Responding with terror

Published : Jan 23, 2015 12:30 IST

September 11, 2001: The upper floors of the World Trade Centre tower burning after terrorists flew an airliner into it.

September 11, 2001: The upper floors of the World Trade Centre tower burning after terrorists flew an airliner into it.

THE date of September 11 has a powerful resonance in the annals of modern history. Twenty-eight years ago on this date, the Central Intelligence Agency-sponsored coup of General Augusto Pinochet overthrew the democratically elected socialist government of President Salvadore Allende in Chile and established a regime of terror which killed an estimated 35,000 people in the first few weeks and continued to brutalise Chilean society for some two decades. September 11 was also the date of the Camp David Accords which signalled Egypt’s final surrender to American imperialism and Israeli Zionism, leaving the Palestinians at the mercy of the latter. And, September 11 was the day when George H. Bush, father of the current President of the United States, made his fateful speech to Congress announcing the war against Iraq—that supreme act of terror which killed an estimated 200,000 people in the course of that brief assault and which has led to the death of at least half a million Iraqi children over the next decade, thanks to the U.S.-dictated blockade of their country.

Betrayal of the Palestinians, the destruction of Iraq! One can reasonably assume that these two great devastations of the Arabo-Muslim world were vivid in the memory of those 19 hijackers on September 11 this year, when they commandeered four civilian aircraft owned by two major U.S. airlines, and smashed three of them into the World Trade Centre (WTC) and the Pentagon—nerve centres of U.S. financial and military power—while committing collective suicide in the process. The White House was probably to be struck by the fourth aircraft but something in the hijackers’ plan went awry. Over 6,000 innocent civilians from 60 countries—some 500 of them from South Asia alone, including the son of a close friend of this writer—died within a couple of hours in a calculated and hideous act of terrorism carried out with stunning technical precision.

This hijacking operation, carried out by less than two dozen individuals, was the largest attack on mainland United States in its history, larger than Pearl Harbour, while American armies, assassins and covert operators of all kinds have been active around the globe for well over a century.

And, because being at the receiving end of violence on their own soil was such a novel experience for the U.S. centres of power, this attack on a couple of buildings at the heart of the imperial centre produced effects that no amount of terror and destruction in the outposts—or even the secondary and tertiary centres—of the empire could have produced. An economy that was already slowing down went into a full-fledged downturn, and the week following the hijackers’ attack proved to be the worst in the history of U.S. finance since July 1933, with the Dow Jones and the Nasdaq posting two-digit losses virtually every day and liquid assets losing $1.4 trillion of their value over the week. What happened was unspeakably hideous, cruel, senseless. The loss of thousands of precious lives, many of them cut down in the flower of their youth, has neither a moral nor a political justification.

Taking advantage of the anger and the human anguish arising from the tragedy, and exploiting the fears and frustrations arising from the prospect of a massive economic recession, the U.S. administration moved quickly to plan a new, globalised, permanent war; to expound what amounts to a new doctrine of America’s right to use its might as it pleases; to expand the war-making powers of the presidency; to put in place a new regime of infinite surveillance; and to demolish whatever restraints had been introduced after the Vietnam War on America’s right to undertake assassinations and covert actions across the globe.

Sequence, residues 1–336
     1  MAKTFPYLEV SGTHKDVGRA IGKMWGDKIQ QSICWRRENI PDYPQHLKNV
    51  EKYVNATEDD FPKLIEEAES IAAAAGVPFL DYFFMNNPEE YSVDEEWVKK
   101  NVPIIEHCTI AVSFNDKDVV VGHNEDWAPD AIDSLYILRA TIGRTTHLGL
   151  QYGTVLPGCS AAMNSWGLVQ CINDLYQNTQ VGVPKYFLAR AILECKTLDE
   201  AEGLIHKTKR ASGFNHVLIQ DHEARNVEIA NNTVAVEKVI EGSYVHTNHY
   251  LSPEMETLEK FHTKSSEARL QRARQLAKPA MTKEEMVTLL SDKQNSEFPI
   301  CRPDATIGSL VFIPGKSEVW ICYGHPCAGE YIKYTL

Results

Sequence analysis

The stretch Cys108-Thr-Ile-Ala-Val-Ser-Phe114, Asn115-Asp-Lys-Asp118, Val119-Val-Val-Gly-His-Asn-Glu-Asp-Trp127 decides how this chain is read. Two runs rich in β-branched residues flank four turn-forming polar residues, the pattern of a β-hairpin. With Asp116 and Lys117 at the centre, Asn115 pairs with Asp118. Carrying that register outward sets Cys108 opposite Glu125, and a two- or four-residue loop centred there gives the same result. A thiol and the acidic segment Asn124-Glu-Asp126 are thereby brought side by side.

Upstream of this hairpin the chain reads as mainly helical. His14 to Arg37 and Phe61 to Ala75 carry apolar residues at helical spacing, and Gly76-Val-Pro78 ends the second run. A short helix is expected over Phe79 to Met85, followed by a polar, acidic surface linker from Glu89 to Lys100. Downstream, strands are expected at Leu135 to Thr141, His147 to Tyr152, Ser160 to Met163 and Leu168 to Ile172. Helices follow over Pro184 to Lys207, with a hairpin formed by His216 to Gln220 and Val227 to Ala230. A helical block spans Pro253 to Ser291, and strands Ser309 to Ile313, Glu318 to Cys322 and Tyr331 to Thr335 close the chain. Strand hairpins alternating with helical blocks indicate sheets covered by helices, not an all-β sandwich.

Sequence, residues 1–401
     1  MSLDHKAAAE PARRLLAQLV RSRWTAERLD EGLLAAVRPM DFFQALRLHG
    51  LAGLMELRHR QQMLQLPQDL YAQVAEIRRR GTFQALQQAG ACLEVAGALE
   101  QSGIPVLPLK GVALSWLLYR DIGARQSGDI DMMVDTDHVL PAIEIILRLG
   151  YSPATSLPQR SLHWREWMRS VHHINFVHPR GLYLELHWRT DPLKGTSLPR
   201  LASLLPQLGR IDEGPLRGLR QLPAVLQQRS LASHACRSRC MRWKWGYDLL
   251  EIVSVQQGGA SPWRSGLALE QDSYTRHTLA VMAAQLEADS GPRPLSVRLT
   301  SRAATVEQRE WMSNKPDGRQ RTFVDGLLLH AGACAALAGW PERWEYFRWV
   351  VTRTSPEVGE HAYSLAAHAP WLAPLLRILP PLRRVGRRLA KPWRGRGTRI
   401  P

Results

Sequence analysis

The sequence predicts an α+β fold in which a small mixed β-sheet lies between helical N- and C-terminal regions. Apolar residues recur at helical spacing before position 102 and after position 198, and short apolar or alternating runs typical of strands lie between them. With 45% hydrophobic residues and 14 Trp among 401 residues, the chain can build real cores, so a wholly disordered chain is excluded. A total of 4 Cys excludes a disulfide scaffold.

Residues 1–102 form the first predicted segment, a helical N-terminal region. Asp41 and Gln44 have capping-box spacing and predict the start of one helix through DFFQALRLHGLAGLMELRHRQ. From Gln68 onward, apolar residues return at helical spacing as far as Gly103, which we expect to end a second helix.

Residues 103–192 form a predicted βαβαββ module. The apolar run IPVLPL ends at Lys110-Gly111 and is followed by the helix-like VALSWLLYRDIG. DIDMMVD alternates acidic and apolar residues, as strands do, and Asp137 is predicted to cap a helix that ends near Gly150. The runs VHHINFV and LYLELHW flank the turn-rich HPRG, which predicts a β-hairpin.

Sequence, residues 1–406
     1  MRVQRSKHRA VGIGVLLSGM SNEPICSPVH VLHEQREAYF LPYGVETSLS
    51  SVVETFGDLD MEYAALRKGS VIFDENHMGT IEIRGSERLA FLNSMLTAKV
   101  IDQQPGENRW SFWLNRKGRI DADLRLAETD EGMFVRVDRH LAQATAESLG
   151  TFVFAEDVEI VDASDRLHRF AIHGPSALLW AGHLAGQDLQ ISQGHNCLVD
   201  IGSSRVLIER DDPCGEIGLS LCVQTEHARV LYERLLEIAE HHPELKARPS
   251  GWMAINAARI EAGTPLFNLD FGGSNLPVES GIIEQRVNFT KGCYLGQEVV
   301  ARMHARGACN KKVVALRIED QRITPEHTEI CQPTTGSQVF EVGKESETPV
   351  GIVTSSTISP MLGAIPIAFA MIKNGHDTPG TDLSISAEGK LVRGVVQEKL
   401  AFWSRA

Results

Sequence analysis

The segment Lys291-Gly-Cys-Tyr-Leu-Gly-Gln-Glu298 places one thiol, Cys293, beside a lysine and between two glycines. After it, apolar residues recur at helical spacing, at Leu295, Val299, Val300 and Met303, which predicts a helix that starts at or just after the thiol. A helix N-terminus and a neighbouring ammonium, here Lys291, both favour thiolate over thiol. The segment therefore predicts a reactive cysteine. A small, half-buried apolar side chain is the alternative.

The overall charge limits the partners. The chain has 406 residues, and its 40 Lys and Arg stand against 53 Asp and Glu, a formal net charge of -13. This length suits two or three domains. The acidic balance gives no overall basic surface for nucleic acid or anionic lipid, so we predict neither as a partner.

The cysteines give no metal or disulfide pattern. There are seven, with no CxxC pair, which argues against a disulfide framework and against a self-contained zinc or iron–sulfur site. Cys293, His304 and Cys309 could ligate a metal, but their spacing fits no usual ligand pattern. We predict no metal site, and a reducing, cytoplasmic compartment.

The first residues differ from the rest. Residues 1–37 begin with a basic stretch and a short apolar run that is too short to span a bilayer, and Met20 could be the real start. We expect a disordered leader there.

Congress swiftly passed a resolution authorising Bush to use wide powers in pursuit of this war on terrorism, asserting that “all necessary and appropriate force” could be used against nations, organisations and individuals. No nations or organisations were named, let alone individuals; the President could determine which one was to be attacked as he went along. Nor was there a time limit; he was authorised to act against present danger as well in anticipation of “future attacks”. The powers were in some ways wider than a mere declaration of war could have bestowed, since such a declaration would name the country against which the war was to be waged.

Meanwhile, the Justice Department started putting together a package of proposed legislation giving the U.S. intelligence agencies much wider powers to wiretap telephones, enter into people’s Internet accounts, deport suspected immigrants, seize evidence from suspects, including DNA samples, and obtain information from educational institutions, taxation records and a whole range of public and private agencies without a prior court order or a subsequent court review of the evidence. Attorney-General John Ashcroft is said to be actively considering permanent video surveillance in public places and issuing “smart cards” to all Americans, which the surveillance devices can read electronically so as to distinguish citizen from non-citizen, keep a record of the movements of citizens themselves in public places and to have quick access to personal data linked to each of the “smart cards”.

It is also being contemplated that certain immigrants, chosen by intelligence at will, be required to report their activities regularly, like ordinary criminals on bail, and that airport security personnel be authorised to interrogate passengers at will and do on-the-spot check of their private baggage without having to explain why and what they are being suspected of.